My eldest granddaughter just turned sixteen.  When I look at her I see the fruition of the efforts of the generations of women who have gone before. And, not just in my own family.  She is the product of women who had the courage to break out of gender based roles and women who believed being a strong woman didn’t mean having to act like a man. She is smart, tough, kind, compassionate, competitive, and beautiful. I’m not sure she even knows that there are such things as gender bias or glass ceilings.  She just decides what it is she wants and works hard to get there.  I’m pretty sure when she does find a door that is closed to her for reasons related to her gender, she’ll say, “this is bullshit” and knock harder.  In fact, I’m pretty sure she’ll have the courage to knock the door down! The image from the top of the page is something I found on her Pinterest page.  There are many with similar sentiment.

So, I’m raising the metaphorical glass of wine to toast the women in my life past and present.  And, to my daughter, you are doing great at a tough job. To my granddaughters, I’m proud of the women you’re becoming and if you need a hug…your grandma is here…waiting with open arms.   10989146_818646421505854_5383532363011842312_n

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11 thoughts on “When you are a mother to a woman everyday is “Woman’s Day”

  1. KateLeslie1

    I loved this post Beth. I have both granddaughters and grandsons. God blessed me with one child — a son. He’s a good man…a good husband and very involved dad to his four kids. I have a special relationship with each of my grandkiddos. My 17-year-old granddaughter and I have talked about the way things were “back in the day.” If she doesn’t really understand, I believe I can say she at least appreciates at some level the courage and sacrifices; the victories and disappointments; the naïveté and wisdom of women of my generation…and more closely — about me in particular. I believe each generation of women offer something of value to the next generations. My choice has been to continue to be fully present in those kids’ lives. I let them define what that means to them at any given age. My cup runneth over…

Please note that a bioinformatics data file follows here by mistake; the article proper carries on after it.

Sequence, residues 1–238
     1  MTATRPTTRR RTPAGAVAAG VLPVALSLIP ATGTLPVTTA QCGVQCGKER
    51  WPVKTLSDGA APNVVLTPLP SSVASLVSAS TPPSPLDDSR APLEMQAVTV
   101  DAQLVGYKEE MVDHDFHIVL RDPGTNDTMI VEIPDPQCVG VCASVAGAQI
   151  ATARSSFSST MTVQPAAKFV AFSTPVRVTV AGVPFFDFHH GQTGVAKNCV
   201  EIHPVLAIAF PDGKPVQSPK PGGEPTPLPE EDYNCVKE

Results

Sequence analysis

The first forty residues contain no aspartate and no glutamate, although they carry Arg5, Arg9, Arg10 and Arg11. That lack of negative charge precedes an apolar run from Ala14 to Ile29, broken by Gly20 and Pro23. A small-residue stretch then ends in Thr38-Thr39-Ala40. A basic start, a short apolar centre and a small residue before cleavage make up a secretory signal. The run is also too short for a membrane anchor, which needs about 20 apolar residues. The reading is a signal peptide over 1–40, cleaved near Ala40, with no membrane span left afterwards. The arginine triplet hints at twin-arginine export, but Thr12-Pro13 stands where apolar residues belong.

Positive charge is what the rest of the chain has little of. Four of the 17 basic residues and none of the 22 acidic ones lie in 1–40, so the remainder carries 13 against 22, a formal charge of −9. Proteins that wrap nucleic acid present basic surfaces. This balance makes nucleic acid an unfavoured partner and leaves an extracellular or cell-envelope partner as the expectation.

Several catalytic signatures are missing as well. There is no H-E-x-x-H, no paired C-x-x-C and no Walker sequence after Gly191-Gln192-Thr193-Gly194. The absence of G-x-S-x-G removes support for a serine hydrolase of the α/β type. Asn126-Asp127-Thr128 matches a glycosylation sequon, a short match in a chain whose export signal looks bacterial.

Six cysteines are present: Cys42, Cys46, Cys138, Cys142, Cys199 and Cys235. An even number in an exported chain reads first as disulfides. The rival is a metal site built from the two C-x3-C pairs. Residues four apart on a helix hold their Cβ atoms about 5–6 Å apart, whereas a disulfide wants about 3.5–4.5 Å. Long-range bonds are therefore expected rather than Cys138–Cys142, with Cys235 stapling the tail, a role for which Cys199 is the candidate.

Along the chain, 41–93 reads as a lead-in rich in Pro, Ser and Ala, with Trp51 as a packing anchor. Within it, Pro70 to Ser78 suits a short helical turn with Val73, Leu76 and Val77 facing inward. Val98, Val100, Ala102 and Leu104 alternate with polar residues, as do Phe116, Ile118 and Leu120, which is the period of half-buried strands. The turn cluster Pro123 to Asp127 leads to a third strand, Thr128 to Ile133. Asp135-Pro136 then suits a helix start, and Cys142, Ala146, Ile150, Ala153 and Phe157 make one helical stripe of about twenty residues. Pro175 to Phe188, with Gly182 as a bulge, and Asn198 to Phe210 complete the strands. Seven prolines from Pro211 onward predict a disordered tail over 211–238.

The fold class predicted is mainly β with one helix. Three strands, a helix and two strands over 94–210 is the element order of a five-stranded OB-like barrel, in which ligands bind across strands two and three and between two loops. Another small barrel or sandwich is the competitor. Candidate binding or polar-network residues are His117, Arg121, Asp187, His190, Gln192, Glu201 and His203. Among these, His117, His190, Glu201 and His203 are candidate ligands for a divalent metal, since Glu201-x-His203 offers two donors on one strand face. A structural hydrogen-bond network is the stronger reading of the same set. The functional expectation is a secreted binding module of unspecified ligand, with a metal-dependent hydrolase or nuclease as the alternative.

• Kate thank you for taking the time to comment. I love hearing from folks about their lives and experiences. I can’t comment on what it would be like to have grandsons because evidently we don’t make that kind! LOL! But being a grandma in general is the best thing ever! Glad you enjoyed the article!

  2. Cristina Grant